Bank of England base rate guide
The Bank of England base rate has increased to 1.75% and is likely to keep increasing in 2022. Find out what the base rate is and how it affects your mortgage
The current base rate is 1.75% as of 4 August 2022
The base rate looks likely to reach 3% by the end of 2022¹
As the base rate goes up, so do mortgage rates
What is the Bank of England base rate right now?
The Bank of England base rate is currently 1.75%.
The base rate was increased from 1.25% to 1.75% on 4 August 2022.
The base rate was previously reduced to 0.1% on 19 March 2020 to help control the economic shock of the coronavirus pandemic.
The bank reduced the base rate from 0.75% to 0.25% 1 week earlier on 11 March 2020.
But, in 2022 the base rate has seen a gradual incline, with the expectation that it could reach 3% by the end of the year.
The Bank of England base rate explained
The Bank of England base rate is an interest rate. It’s also referred to as ‘bank rate’, ‘interest rate’ or ‘base rate’.
The base rate is the interest rate that banks and lenders pay when they borrow from the Bank of England.
It is the most important interest rate in the UK. It influences most interest rates, including savings accounts, credit cards, loans and mortgages.
Usually mortgage rates go up or down quite soon after the base rate changes.
The Monetary Policy Committee (MPC) decides the base rate. The committee meets to discuss it every 6 weeks.
The MPC last met on 4 August and decided to increase the base rate from 1.25% to 1.75%.
The MPC changes the base rate to meet government targets to keep inflation low and stable.
Inflation has been on the rise in 2022. That is why the base rate has also been gradually increasing.
The rate was cut to a record low of 0.5% following the financial crisis of 2008/9.
It stayed at the same level for years before the MPC cut it to a new low of 0.25% in August 2016 after the Brexit vote.
It was 0.75% from August 2018 to March 2020 when it was cut to 0.25% because of coronavirus.
The base rate was then cut again to 0.1% on 19 March 2020, raised to 0.25% on 16 December 2021, and raised to 0.50% on 3 February 2022.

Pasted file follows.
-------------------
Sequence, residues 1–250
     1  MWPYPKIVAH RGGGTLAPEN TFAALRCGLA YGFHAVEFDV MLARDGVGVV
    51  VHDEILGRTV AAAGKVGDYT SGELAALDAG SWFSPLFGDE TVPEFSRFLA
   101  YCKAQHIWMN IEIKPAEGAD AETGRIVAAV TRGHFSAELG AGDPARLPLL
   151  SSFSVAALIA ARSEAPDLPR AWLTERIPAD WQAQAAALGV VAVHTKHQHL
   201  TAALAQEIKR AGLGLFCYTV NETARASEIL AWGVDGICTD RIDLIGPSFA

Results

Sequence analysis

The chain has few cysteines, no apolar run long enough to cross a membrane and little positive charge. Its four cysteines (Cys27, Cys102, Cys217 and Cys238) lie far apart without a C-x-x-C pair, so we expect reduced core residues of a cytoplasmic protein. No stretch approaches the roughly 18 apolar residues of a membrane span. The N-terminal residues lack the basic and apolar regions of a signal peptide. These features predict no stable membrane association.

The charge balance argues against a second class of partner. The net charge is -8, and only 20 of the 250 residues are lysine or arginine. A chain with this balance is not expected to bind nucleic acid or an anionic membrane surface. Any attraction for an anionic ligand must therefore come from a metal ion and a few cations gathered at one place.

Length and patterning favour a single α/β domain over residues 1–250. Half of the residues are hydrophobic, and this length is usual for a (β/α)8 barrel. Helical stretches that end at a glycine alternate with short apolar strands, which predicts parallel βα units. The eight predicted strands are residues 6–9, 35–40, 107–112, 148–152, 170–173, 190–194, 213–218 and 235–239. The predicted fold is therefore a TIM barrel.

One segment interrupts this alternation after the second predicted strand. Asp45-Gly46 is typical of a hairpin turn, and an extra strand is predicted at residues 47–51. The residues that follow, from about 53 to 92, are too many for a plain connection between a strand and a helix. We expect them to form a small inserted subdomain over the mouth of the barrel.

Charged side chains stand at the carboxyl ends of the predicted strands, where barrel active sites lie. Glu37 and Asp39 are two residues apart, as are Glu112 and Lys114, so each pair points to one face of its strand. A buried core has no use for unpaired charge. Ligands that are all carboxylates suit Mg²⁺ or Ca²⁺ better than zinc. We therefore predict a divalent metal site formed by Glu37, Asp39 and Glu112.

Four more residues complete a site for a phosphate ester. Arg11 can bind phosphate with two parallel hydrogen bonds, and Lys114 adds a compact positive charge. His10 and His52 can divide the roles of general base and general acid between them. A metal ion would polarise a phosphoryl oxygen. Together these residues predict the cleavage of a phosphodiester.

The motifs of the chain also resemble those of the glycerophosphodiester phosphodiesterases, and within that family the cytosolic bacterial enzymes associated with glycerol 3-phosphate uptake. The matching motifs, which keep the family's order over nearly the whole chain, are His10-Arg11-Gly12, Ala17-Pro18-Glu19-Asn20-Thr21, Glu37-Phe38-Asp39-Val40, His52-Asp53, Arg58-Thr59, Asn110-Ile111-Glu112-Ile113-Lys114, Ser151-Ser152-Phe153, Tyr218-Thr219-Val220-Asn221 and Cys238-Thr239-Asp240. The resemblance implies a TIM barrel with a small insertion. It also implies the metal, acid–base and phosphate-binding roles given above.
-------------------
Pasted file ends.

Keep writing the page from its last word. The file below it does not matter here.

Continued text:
On 21 May 2020, the Bank of England said that the base rate could drop lower than 0.1%, possibly to a negative interest rate.
The bank's governor, Andrew Bailey, said they're looking at other banks that have used negative interest rates to see how they could work in the UK.
A negative interest rate means that you do not pay any interest when you borrow money. Instead, the lender pays you interest.
If the Bank of England sets a negative base rate, it does not mean that there will be negative fixed rate mortgages.
If you are on a tracker or discount rate mortgage, you could end up with smaller monthly repayments.
The next meetings are on 15 September 2022 and 3 November 2022 and 15 December 2022.
The Monetary Policy Committee (MPC) meets around every 6 weeks to discuss if the base rate should go up or down.
When will the base rate go up?
Experts are suggesting that the base rate could increase to as much as 3% by the end of the year.
No one knows exactly when the Bank of England base rate will go up.
Sometimes there are "signs" that the base rate could go up in the future.
For example: there are 9 members of the Monetary Policy Committee, which decides every 6 weeks if the bank rate should go up, down or stay the same. Their voting record is public. So if you start to see more members voting for a rate increase, that could mean the base rate will increase soon.
Sometimes the governor of the Bank of England, Andrew Bailey, tells the newspapers that the base rate may need to increase to keep inflation down.
One of the ways the Bank of England tries to control inflation is by increasing the cost of borrowing. If it increases the base rate, the interest rate on credit cards, loans and mortgages usually increases by a similar amount.
The most recent guidance from the Bank of England is that interest rates will likely increase in the coming months to try and keep inflation down.
Interest rates have been at their lowest in the last few years, but they are starting to increase. If you you're concerned about mortgage rates increasing in the next year, then it could be a good idea to consider remortgaging to lock in a fixed rate for 2, 5 or even 10 years.
How the base rate affects mortgages
The Bank of England base rate impacts mortgage interest rates.
They're important for anyone who has a mortgage or wants to get one.
Usually, mortgage lenders change their mortgage rates quite soon after the base rate is changed.
The graph below shows you how mortgage rates change when the Bank of England bank rate changes.
If the bank rate goes up:
funding for lenders becomes more expensive
lenders pass that extra cost onto borrowers
borrowers usually pay more in interest on their mortgage every month
To avoid the possibility of higher interest rates you can choose a fixed rate mortgage.
If the bank rate goes down:
funding for lenders becomes cheaper
borrowers usually pay less in interest on their mortgage every month
The base rate after Brexit
No one is sure how rates will change now that the UK has left the EU.
The UK and the EU are set to clash again as the UK tries to get a Canada style free trade agreement.
Both sides said they’d walk away from talks on a Brexit trade deal unless the other side gave way on their red lines.
If you’re worried that the base rate going up again, now could be a good time to consider fixing your mortgage. This could be a good time as the base rate is currently very low.
Guides to help you afford your mortgage
¹ BBC News: UK interest rates: How does a rise affect me?
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